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By on April 16, 2011

 

Ice cream scoops are an easy way to portion and serve foods. Think: rice, macaroni dishes, mashed potatoes or Rice Krispies treats. Larger scoops can be used by kids in the sandbox or at the beach or use one to scoop soil or the pulp from inside a pumpkin. The first reader tip shares a few more handy ways to use one.

VERSATILE ICE CREAM SCOOP:

I save a lot of time in the kitchen by using my squeeze to release ice cream scoop for getting even, professional looking portions with jumbo cookies, muffin and pancake batter, hamburger patties, veggie burgers, mashed potato patties, ham croquettes and other meat/seafood cakes. And my hands stay clean too! I’ll be buying a smaller scoop soon for meatballs and small cookies. — Constance, New Jersey

Homemade Chocolate Syrup

1 cup water
1/2 cup unsweetened cocoa
2 cups sugar
1/8 teaspoon salt
1/2 teaspoon vanilla

Mix the water and cocoa with a whisk. Heat on the stove and add sugar. Stir until it dissolves. Then bring to a boil and reduce heat and boil for 3 minutes (has to be 3 minutes, at least). Remove from heat and add salt and vanilla. Let cool and put in some sort of container in the fridge. I haven’t bought Hershey’s syrup for a couple of years. — Jamee, e-mail

RECYCLING TUBE SOCKS:

I have over a dozen white tub socks that were dingy gray and had lost all elasticity. I had bleached them numerous times and they were still gray. At first I thought about sewing some elastic into the top and reusing them. But they were so thin, so I decided it was not worth it. They were in no condition to be donated. So as I was thinking yesterday, I thought of what to do with them. I did not want to use them as rags. Instead I have decided to make a braided rug out of them. My dog hates to sit on the hot concrete outside on my patio during the summer. However the socks would make an ideal rug for him to sit on. — Larabelle, Texas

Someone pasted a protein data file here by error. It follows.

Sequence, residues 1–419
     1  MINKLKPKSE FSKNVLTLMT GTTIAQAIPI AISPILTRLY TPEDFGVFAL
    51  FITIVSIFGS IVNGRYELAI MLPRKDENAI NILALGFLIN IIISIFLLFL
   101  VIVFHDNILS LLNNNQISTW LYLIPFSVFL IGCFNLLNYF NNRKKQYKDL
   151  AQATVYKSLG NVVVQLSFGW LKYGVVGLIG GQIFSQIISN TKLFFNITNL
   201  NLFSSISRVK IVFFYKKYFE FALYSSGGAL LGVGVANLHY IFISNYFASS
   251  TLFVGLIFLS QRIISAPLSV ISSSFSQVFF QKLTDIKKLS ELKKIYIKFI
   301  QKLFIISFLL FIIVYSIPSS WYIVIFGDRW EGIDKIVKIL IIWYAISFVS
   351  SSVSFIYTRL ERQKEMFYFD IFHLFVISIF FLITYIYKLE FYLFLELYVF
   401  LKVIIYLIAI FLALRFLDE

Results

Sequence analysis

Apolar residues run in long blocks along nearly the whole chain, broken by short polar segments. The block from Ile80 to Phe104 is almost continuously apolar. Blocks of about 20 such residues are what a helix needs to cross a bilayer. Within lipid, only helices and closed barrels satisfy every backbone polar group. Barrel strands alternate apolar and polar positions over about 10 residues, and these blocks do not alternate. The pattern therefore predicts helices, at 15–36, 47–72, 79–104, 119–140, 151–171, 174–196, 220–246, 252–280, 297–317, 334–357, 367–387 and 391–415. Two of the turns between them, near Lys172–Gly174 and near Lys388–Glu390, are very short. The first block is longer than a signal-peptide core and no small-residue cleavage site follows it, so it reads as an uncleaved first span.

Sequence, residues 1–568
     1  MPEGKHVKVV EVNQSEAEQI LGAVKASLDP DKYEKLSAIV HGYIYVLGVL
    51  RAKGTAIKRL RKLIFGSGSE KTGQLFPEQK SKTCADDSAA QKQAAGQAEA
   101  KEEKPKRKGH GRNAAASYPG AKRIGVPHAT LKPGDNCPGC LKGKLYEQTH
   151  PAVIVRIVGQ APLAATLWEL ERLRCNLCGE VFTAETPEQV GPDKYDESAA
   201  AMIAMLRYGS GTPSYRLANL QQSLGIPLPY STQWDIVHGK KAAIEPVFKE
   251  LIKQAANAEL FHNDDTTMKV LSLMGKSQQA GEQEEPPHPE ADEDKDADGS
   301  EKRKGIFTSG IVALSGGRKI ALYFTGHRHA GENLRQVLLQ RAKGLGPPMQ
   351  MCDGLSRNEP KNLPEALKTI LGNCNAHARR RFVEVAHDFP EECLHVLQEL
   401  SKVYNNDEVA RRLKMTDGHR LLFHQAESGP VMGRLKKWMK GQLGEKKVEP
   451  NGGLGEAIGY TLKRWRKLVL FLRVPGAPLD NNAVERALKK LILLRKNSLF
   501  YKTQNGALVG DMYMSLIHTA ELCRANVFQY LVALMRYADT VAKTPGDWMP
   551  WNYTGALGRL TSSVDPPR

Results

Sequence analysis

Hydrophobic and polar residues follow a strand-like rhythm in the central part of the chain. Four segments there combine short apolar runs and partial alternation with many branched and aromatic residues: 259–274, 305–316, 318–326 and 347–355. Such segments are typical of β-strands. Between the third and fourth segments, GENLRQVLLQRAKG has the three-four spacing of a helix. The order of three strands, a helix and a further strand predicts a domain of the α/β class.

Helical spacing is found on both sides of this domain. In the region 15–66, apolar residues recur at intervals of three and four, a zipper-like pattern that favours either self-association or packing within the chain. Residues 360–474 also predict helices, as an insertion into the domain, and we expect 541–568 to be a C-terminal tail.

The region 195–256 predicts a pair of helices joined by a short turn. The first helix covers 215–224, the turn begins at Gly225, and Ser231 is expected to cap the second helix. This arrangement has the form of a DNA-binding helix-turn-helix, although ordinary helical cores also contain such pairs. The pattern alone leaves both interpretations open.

If you live somewhere with long cold winters (like here in New Hampshire), the elastic tops of old socks can be sewn onto mittens. It helps “extend” the mittens, keeping cold and snow off those little wrists when jacket sleeves ride up. — Khaski, New Hampshire

This is a totally odd niche thing to make out of them, but I’m a K-12 music teacher and I use 10 gallon buckets upside down as frugal drums for my students to play. (I got them for a couple dollars at my local donut shop. They had icing in them.) and I use mismatched tube socks with a bouncy ball tied into the end as a fun alternative to using drum sticks. The kids love to keep the beat with the sock/ball combo. — S.S., West Virginia

LIQUID FABRIC SOFTENER TIP:

If you use vinegar in the rinse cycle of your washer but miss the smell of fabric softener pour 1/2 cup or 1 cup of liquid fabric softener into your gallon jug of vinegar and you’ll still have some of the smell. A bottle of fabric softener will last a long time just using 1/2 cup per gallon of vinegar. You’ll have to use a little of the vinegar in something else to have room in the jug. — Lisa, e-mail

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